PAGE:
Wednesday, October 2, 2013

Christ's Primacy Accentuated for the Sake of the Life of the World

Respect for Legitimate Differences: The Catholic Agenda

UCU – Ecumenical Social Week – Lviv, Ukraine

     Opening Ceremony –

Tuesday, 1 October 2013

          One of the truly positive characteristics of UCU and its family, including the Institute of Ecumenical Studies, is their ability to make work seem enjoyable. I am sure old Aesop has a fable to illustrate this skill, but given my own background, what comes to mind is Mark Twain’s account in his classic novel of Tom Sawyer tricking the boys of a Saturday morning into whitewashing the fence in his place.
My special greetings to those who have succumbed to the invitation of the Institute of Ecumenical Studies to come and work this week and my best wishes to all for a fruitful sixth edition of the Ecumenical Social Week here in Lviv!
          This Opening ceremony bears the title: Otherness as a Gift: Challenges of Modernity in Europe and Ukraine. Truth to be told, I find this title questionable, as it reminds me of my years in Berlin at the beginning of this 21st century and the application of the expression “multikulti” (multicultural) to almost everything from pickup football games in the park of a Sunday, to block parties with potluck supper, to summer street carnivals. Reveling in differences in and of themselves hardly seems to be of value: once you have discovered that no two snowflakes are alike, it is pretty well safe to get on with life. With people, the simple fact of being different, tall/short, fat/skinny, smart/not so smart, hardly seems important; being different is a given, the gift of which must perforce lie elsewhere.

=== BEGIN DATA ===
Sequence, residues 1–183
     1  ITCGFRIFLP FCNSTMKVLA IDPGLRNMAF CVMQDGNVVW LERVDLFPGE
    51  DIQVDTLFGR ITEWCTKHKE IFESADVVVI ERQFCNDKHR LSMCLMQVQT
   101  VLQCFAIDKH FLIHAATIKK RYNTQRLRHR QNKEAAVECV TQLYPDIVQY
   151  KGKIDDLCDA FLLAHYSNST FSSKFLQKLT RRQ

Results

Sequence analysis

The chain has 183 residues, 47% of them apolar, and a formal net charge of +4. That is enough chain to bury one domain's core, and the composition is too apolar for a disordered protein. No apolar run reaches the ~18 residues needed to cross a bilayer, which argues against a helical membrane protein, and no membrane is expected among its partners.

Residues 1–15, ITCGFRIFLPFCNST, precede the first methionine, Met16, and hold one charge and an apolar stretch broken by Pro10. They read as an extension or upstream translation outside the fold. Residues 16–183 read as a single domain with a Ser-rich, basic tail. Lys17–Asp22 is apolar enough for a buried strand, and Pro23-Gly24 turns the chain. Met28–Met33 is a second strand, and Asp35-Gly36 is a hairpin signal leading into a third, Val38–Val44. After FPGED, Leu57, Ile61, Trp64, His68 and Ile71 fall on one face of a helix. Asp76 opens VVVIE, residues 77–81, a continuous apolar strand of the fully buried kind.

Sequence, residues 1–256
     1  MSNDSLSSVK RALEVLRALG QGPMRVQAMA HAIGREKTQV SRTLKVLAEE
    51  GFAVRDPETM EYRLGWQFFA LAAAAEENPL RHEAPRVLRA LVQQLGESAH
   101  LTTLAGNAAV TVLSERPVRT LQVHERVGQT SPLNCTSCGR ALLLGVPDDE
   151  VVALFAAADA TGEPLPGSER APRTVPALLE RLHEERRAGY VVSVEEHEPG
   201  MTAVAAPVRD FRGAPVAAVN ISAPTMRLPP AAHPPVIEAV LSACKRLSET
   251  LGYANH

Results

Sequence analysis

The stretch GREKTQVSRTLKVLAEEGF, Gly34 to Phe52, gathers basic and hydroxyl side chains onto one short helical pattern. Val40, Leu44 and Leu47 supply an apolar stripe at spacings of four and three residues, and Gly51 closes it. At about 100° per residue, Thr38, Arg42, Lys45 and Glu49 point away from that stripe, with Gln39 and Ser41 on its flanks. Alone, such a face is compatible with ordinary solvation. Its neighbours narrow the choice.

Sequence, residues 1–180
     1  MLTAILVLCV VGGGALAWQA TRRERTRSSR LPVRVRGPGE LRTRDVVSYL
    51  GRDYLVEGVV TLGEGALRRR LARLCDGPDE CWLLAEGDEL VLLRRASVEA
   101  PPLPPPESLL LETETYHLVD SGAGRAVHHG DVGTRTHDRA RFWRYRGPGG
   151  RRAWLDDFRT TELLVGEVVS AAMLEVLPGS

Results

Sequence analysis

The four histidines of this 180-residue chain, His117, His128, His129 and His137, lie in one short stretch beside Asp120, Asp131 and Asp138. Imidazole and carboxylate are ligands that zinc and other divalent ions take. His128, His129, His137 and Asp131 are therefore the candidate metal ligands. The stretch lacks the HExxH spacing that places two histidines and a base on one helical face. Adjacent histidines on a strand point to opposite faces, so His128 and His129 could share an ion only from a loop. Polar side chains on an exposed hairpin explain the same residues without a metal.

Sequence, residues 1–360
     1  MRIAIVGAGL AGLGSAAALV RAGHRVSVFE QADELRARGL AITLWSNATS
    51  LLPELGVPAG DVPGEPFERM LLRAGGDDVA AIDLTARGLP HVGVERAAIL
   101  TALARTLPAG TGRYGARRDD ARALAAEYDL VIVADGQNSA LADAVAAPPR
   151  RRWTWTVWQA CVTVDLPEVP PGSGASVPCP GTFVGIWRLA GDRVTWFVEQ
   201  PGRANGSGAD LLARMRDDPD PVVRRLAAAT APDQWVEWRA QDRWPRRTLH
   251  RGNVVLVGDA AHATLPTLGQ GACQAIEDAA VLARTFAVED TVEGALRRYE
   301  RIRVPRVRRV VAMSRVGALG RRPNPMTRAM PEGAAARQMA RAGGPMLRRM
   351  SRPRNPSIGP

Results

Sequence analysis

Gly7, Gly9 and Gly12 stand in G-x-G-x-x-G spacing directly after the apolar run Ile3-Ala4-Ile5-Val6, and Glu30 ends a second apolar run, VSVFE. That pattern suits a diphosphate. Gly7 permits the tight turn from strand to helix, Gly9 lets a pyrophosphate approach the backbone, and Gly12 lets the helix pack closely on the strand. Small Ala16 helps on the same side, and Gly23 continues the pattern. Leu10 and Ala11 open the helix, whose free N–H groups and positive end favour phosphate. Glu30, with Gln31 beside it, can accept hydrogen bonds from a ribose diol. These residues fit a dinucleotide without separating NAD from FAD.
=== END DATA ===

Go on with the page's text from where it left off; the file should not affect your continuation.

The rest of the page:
In point of fact, and rightly so I believe, basic Catholic teaching accents what by God’s Will from all eternity we share in common. The Church teaches as fundamental the truth that I share a God-given dignity, equality, with the other, which draws us together in a human project which is not transitory but ordered on eternity. Basic catechism motivates my option or obligation to see the other as gift not on the basis of our “otherness”, but because we are more the same than we are different. The Catechism of the Catholic Church states it in summary fashion as follows: